[whatwg] Proposal for separating script downloads and execution

Boris Zbarsky bzbarsky at MIT.EDU
Tue Feb 8 13:13:15 PST 2011

On 2/8/11 3:56 PM, Kyle Simpson wrote:
> Yes, it's important to note that it's not even the *execution* of
> JavaScript code that's actually the particular issue, but rather just
> the parsing of it (even if invoking of the functionality is deferred
> until later) that causes the biggest slowdown, in most cases.

Here's the thing.  Parsing is a black-box behavior.  Nothing says a 
browser needs to do it right before execution, that it needs to happen 
on the main thread, or that it's happening at all.

For example, for Gecko we have had proposals to parse off the main 
thread, as well as to store parsed script data structures in the cache 
so on a cache hit we just load the already-parsed data.  We've also had 
proposals to parse eagerly when priming the speculative load cache; this 
could be a good bit before the script executes, assuming it ever executes.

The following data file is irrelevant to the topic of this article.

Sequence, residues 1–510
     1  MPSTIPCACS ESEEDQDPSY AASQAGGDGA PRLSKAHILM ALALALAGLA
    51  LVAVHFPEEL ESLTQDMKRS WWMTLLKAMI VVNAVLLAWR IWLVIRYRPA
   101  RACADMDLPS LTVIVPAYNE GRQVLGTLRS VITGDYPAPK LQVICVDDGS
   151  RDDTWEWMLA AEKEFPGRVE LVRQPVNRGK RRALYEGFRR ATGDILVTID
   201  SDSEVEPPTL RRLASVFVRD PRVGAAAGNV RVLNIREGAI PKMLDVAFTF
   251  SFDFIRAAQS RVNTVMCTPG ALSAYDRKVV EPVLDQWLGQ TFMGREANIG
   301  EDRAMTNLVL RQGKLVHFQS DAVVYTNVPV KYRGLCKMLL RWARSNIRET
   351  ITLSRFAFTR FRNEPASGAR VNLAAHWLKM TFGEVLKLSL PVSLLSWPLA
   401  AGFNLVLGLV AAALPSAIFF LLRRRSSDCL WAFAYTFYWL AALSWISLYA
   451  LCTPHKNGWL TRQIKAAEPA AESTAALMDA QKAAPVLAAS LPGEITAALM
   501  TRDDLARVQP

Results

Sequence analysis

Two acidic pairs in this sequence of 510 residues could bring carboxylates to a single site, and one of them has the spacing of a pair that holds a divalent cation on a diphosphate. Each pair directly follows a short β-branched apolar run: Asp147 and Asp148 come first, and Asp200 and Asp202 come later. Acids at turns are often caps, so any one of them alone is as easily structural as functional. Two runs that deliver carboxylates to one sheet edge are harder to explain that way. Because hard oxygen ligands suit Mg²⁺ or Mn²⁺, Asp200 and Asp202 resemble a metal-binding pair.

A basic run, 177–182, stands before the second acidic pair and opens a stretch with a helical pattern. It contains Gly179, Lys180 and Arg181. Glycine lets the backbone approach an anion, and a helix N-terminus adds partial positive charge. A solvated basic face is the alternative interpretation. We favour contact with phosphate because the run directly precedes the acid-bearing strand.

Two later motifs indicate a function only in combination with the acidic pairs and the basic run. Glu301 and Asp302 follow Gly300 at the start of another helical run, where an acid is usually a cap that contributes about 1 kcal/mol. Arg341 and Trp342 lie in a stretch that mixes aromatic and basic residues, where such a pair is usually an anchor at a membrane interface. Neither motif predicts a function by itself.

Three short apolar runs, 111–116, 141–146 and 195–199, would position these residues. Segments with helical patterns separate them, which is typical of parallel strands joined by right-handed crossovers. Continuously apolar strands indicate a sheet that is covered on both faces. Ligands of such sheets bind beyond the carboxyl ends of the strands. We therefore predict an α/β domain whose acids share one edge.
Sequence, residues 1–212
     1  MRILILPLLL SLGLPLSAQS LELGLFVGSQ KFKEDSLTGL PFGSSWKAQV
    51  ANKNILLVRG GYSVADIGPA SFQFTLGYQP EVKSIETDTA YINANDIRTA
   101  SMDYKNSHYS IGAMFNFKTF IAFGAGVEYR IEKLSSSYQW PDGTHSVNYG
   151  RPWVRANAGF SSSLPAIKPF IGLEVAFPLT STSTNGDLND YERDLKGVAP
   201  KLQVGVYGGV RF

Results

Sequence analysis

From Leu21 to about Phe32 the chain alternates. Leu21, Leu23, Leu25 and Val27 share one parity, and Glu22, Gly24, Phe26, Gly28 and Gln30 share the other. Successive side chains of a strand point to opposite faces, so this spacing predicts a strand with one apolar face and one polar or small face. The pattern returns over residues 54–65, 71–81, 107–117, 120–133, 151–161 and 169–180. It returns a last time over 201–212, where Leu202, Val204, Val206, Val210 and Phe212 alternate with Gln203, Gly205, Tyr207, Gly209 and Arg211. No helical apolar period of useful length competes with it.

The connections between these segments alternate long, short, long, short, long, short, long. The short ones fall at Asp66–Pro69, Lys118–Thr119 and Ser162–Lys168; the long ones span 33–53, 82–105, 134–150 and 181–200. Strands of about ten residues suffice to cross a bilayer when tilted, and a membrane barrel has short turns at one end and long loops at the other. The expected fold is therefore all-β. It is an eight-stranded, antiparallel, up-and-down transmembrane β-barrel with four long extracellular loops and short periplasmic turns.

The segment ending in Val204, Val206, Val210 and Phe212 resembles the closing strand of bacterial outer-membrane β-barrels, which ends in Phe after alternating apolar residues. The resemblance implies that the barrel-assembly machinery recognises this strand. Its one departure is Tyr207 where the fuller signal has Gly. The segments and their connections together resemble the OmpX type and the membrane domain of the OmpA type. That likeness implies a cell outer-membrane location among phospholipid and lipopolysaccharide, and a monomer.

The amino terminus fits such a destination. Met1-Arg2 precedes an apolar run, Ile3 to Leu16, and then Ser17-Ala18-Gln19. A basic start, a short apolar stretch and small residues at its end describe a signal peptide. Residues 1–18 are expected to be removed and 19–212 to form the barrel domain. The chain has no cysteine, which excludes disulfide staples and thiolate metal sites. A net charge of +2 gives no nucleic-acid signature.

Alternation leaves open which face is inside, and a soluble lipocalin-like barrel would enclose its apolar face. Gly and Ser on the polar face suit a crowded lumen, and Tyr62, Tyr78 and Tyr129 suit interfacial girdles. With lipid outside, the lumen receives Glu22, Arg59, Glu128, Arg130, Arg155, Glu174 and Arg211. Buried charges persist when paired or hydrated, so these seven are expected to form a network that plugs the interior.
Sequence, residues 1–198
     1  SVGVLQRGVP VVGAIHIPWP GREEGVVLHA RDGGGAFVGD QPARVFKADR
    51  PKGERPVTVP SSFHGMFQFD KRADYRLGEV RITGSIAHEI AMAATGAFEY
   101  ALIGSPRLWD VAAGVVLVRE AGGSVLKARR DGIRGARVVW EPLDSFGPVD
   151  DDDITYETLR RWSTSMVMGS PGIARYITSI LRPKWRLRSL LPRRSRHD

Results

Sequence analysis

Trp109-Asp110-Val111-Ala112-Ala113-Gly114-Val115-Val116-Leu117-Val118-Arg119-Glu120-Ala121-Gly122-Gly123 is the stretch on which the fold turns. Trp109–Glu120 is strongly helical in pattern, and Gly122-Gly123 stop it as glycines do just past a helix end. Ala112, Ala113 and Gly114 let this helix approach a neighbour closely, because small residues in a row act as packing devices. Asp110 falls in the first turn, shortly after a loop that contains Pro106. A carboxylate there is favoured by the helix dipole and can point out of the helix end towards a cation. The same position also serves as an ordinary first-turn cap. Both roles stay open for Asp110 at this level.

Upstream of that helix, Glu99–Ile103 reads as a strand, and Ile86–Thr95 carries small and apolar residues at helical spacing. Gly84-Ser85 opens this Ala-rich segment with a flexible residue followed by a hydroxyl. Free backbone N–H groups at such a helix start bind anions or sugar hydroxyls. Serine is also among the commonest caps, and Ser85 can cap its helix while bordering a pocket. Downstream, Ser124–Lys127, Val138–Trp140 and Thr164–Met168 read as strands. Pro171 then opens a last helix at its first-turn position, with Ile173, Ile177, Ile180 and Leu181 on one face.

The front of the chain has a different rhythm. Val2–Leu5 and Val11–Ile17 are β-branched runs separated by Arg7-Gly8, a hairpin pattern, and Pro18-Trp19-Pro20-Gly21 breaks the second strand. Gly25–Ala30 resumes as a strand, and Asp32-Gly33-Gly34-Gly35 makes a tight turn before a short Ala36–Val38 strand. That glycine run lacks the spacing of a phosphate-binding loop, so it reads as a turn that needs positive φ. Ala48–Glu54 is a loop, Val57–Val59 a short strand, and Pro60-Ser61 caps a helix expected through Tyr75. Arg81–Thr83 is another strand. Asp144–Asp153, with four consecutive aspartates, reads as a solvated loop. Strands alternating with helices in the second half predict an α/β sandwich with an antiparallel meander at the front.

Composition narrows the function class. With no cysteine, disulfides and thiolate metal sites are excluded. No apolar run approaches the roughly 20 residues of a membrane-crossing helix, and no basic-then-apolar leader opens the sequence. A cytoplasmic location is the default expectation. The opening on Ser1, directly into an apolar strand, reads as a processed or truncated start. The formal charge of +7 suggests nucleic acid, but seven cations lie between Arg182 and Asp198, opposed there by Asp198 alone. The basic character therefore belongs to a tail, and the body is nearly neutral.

So is control over parsing really just working around quality of 
implementation issues?  Or do you really need to constrain the timing of 
the parse so as to preclude it being done on a background thread, while 
the parser is waiting for a previous script to load?

> For the purposes of this discussion, we are combining (but safely so, I
> believe) "execution" and "parsing"

See, I'm not sure that combination is safe.

> The reason it's necessary to draw the distinction (and point out that parsing is the
> costly bit) is to defuse the argument that the script author can simply
> change the script to not execute itself until manually invoked at a
> later time.

Yes, but parsing is also the unobservable bit, which a browser therefore 
is at liberty to optimize in various ways, even if none do so far.


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